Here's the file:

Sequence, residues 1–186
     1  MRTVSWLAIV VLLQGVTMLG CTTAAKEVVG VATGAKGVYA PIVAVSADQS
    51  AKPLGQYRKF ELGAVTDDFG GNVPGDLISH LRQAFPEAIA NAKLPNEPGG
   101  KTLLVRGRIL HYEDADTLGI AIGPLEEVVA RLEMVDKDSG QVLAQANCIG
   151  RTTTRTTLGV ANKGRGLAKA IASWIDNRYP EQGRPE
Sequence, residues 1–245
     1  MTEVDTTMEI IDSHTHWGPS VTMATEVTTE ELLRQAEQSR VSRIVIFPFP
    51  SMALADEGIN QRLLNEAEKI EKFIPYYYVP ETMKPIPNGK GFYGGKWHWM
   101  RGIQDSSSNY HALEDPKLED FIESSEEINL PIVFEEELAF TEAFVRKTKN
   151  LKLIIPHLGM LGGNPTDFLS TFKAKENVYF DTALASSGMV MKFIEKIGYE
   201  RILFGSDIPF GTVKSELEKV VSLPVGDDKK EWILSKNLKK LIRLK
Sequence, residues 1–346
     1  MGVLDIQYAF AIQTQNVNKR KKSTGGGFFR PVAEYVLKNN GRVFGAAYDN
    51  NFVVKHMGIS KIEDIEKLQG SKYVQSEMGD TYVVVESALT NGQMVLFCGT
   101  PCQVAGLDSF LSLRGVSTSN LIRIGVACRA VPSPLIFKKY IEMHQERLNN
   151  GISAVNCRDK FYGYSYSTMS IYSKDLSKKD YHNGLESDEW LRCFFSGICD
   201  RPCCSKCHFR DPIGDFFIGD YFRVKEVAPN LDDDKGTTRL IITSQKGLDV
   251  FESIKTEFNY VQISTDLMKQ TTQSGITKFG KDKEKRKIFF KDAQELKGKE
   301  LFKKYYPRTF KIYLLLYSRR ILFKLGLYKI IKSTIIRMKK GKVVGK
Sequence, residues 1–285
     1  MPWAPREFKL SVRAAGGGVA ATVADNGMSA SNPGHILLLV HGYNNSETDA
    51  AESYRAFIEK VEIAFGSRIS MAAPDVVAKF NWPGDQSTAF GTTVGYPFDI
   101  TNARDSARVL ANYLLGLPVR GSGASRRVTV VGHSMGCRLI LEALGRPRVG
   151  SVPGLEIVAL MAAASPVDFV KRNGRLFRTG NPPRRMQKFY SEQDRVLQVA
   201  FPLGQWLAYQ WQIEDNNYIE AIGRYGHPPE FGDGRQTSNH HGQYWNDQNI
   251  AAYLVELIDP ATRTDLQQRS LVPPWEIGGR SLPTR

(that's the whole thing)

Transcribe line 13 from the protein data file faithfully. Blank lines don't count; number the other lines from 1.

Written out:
     1  MGVLDIQYAF AIQTQNVNKR KKSTGGGFFR PVAEYVLKNN GRVFGAAYDN